Garret Haines wrote a thorough review of this UAD plug-in in Tape Op #106. You should read it. Here are a few of Geoff Stanfield’s thoughts on a plug-in that he has come to use and love, not only for its sonic closeness to the original, but also for its convenience!
I have been a longtime owner of the Manley Laboratories’ Variable Mu hardware. It was my first real high-end compressor, and it has imparted its lovely sonic glue on countless projects. It is simply one of those pieces of gear that makes some sources sound better when you run them through it, even when only nominally compressing. Over the years I have had to replace the tubes and do some minor adjusting, but it is ultimately a workhorse I couldn’t imagine not having at the studio.
But sometimes I work at home, on a scaled back system using only plug-ins. It used to be a real step backwards, but now there are so many impressive emulations of the classics that it is a viable option. It’s a tad ironic that Universal Audio, a company known for it’s incredible hardware audio processing devices, is now a software company. How many budding engineers can afford to get their mitts on a real LA-2A [Tape Op #26] or an 1176? Not many! Being able to get the sound and spirit of these audio classics via well-crafted plug-ins is a real boon. You all know this!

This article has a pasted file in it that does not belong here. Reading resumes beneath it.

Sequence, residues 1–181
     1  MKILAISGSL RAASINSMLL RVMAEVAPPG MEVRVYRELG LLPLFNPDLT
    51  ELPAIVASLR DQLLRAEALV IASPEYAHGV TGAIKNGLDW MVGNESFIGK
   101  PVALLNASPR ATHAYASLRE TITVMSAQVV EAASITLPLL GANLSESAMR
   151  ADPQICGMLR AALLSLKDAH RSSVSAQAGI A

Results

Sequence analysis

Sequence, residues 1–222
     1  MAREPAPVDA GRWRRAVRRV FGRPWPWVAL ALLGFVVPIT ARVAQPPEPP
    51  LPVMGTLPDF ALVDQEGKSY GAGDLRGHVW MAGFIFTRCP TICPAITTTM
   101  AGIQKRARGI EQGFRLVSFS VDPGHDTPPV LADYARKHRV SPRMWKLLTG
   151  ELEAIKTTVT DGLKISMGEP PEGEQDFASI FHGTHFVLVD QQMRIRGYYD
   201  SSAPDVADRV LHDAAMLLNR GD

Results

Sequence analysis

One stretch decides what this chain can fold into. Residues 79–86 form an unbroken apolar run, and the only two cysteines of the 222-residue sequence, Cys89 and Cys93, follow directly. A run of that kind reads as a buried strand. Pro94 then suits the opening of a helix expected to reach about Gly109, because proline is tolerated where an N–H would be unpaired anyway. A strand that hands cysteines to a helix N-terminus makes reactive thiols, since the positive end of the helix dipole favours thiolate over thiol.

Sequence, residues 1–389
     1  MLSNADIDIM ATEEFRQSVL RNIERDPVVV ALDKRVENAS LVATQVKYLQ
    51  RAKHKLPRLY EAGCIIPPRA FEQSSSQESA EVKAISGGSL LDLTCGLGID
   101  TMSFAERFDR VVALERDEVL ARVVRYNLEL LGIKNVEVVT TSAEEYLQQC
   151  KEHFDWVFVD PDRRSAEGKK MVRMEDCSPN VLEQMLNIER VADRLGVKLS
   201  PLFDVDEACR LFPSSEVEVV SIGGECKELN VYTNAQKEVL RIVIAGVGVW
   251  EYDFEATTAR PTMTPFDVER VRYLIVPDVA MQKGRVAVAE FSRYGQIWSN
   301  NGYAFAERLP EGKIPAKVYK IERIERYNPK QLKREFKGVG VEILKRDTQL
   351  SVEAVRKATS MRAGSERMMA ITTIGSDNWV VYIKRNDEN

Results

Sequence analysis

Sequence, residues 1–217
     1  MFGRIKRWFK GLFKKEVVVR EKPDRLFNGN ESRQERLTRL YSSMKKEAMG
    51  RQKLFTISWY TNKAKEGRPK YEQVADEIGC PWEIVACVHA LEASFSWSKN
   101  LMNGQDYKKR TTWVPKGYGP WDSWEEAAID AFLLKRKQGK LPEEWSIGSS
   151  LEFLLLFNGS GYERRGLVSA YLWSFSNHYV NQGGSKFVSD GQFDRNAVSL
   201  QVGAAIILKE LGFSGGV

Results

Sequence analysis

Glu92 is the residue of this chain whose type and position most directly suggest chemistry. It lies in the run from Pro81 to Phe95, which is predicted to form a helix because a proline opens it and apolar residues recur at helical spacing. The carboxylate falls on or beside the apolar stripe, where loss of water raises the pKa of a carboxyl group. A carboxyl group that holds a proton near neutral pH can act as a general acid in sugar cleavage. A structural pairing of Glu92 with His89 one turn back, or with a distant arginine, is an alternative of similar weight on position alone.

Not only does Universal Audio make great plug-in versions of their own classic hardware, they “go deep” when emulating other hardware manufacturer’s “best of breed”– one of my favorite examples of this is a software version of one of my favorite hardware pieces. Yep! You guessed it; the Manley Variable Mu.
In use, the hardware version may be more forgiving than the plug-in, but the compression onset characteristics and sonic color is pretty darn close. The tubes in the real deal make things a little more spatially robust than the software and there is a color my hardware imparts that is missing from the plug-in – plus it’s always my preference to spin a dial rather than move a mouse. That said, I sure like having more than one instance of these compressors at my disposal!
I use my hardware unit almost exclusively, if not entirely on the mix bus. Occasionally, if the song calls for it, I’ll use a more aggressive compressor on the mix bus, but I will use the hardware Manley on a bass or vocal track where appropriate. With multiple instances of the UAD plug-in, I can have it all. Even with the slight trade-off of the software version not sounding exactly like what is now considered my “vintage” Variable Mu, it is close enough for government work. Plus, with all its extra bells and whistles the UAD version is useful on more than just the mix. But, word to the wise, just because you have the ability to use many instances of the plug-in version, doesn’t mean you should.
Hot tip: The original hardware Variable Mu was, and is best on, program material (or a bus). Indiscriminant use of this plug-in on different tracks, without a solid understanding of how this particular compressor responds, can easily muck up your mix if you’re not careful.